|Unit system||SI derived unit|
|Named after||Joseph Henry|
|In SI base units:||kg⋅m2⋅s−2⋅A−2|
The henry (symbol: H) is the SI derived unit of electrical inductance. The unit is named after Joseph Henry (1797–1878), the American scientist who discovered electromagnetic induction independently of and at about the same time as Michael Faraday (1791–1867) in England. The magnetic permeability of vacuum is 4π × 10−7 H⋅m−1 (henry per metre).
where V(t) denotes the resulting voltage across the circuit, I(t) is the current through the circuit, and L is the inductance of the circuit.
The henry is a derived unit based on four of the seven base units of the International System of Units: kilogram (kg), metre (m), second (s), and ampere (A). Expressed in combinations of SI units, the henry is:
As with every International System of Units (SI) unit named for a person, the first letter of its symbol is upper case (H). However, when an SI unit is spelled out in English, it should always begin with a lower case letter (henry)—except in a situation where any word in that position would be capitalized, such as at the beginning of a sentence or in material using title case.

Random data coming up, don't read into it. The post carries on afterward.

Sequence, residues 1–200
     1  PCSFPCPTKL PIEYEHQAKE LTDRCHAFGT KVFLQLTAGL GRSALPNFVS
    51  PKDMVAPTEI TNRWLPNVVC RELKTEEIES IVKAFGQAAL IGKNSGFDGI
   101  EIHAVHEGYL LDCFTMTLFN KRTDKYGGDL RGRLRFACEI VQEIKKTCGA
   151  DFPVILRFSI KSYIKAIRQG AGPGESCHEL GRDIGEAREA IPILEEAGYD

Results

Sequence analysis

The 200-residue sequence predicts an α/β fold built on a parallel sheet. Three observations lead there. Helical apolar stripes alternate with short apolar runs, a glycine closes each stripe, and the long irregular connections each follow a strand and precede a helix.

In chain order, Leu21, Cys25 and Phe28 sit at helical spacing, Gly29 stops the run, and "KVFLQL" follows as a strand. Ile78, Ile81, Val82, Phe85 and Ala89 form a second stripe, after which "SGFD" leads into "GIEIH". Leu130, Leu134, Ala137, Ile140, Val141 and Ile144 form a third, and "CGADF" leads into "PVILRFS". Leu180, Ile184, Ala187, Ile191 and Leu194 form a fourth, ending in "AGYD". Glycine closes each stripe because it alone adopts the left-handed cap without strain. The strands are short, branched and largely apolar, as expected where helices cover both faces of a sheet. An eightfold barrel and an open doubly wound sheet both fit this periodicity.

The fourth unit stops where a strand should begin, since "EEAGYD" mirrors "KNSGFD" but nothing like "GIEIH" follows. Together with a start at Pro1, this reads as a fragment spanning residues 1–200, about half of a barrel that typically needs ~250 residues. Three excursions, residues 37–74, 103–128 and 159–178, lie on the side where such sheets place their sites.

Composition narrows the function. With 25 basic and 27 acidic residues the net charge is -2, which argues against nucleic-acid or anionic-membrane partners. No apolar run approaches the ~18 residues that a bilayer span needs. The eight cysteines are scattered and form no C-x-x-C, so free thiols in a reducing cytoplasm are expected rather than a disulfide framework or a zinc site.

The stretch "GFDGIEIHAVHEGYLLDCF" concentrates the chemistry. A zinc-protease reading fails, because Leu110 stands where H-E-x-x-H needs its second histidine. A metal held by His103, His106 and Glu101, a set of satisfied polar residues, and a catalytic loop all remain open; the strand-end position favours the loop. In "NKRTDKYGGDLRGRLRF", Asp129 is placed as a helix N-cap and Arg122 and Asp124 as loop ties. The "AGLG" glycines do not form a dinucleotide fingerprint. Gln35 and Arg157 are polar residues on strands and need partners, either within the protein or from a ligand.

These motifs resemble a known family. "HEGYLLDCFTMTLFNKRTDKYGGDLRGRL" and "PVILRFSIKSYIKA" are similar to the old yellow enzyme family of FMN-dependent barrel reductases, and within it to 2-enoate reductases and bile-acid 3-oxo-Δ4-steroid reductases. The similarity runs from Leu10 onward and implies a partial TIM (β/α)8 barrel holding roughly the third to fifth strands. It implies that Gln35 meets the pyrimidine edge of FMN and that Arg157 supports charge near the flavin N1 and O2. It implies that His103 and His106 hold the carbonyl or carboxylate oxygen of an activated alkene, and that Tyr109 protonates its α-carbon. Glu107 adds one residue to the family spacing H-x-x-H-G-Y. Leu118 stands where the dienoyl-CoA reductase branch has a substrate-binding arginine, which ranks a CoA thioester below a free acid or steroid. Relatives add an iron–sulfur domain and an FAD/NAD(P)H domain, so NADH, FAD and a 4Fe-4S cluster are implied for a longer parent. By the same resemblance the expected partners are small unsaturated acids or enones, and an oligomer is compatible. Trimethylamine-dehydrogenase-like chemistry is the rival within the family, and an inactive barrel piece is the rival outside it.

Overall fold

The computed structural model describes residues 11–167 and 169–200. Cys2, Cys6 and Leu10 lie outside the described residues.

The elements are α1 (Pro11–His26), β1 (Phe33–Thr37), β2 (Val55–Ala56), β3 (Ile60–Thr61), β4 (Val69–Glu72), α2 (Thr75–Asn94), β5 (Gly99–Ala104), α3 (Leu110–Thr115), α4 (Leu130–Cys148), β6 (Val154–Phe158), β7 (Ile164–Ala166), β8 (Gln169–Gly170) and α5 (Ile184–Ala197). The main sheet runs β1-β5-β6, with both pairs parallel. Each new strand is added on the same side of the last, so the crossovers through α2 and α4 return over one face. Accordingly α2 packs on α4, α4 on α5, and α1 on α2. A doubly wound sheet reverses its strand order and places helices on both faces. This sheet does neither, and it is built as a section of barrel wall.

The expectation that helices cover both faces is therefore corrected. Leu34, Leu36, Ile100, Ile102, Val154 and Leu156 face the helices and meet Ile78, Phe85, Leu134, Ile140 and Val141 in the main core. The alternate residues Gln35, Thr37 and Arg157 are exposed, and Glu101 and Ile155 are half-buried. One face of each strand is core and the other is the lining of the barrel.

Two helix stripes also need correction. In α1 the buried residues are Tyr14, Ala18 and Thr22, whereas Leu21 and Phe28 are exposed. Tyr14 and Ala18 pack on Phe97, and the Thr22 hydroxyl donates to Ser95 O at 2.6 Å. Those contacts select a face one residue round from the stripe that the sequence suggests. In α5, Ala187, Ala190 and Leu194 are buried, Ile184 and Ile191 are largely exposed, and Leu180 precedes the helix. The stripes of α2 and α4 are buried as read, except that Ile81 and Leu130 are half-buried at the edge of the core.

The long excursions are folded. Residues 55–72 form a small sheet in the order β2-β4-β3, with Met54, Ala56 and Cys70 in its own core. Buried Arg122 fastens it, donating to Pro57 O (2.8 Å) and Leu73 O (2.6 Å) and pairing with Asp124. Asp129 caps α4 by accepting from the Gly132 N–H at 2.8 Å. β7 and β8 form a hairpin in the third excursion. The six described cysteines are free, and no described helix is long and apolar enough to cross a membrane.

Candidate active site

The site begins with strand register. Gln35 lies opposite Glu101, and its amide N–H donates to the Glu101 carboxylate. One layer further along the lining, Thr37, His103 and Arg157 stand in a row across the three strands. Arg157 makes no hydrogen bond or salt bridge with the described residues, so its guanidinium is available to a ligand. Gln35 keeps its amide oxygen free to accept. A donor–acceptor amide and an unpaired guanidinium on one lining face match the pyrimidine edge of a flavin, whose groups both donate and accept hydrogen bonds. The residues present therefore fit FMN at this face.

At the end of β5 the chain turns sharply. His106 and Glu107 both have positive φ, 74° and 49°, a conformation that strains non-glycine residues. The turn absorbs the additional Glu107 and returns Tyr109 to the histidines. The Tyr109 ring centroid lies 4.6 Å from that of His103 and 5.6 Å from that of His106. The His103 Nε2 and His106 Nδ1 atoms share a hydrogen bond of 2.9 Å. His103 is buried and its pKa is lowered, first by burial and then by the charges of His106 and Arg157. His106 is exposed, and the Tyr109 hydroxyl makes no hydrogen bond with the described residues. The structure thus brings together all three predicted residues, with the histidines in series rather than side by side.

None of the audio/visual content is hosted on this site. All media is embedded from other sites such as GoogleVideo, Wikipedia, YouTube etc. Therefore, this site has no control over the copyright issues of the streaming media.
All issues concerning copyright violations should be aimed at the sites hosting the material. This site does not host any of the streaming media and the owner has not uploaded any of the material to the video hosting servers. Anyone can find the same content on Google Video or YouTube by themselves.
The owner of this site cannot know which documentaries are in public domain, which has been uploaded to e.g. YouTube by the owner and which has been uploaded without permission. The copyright owner must contact the source if he wants his material off the Internet completely.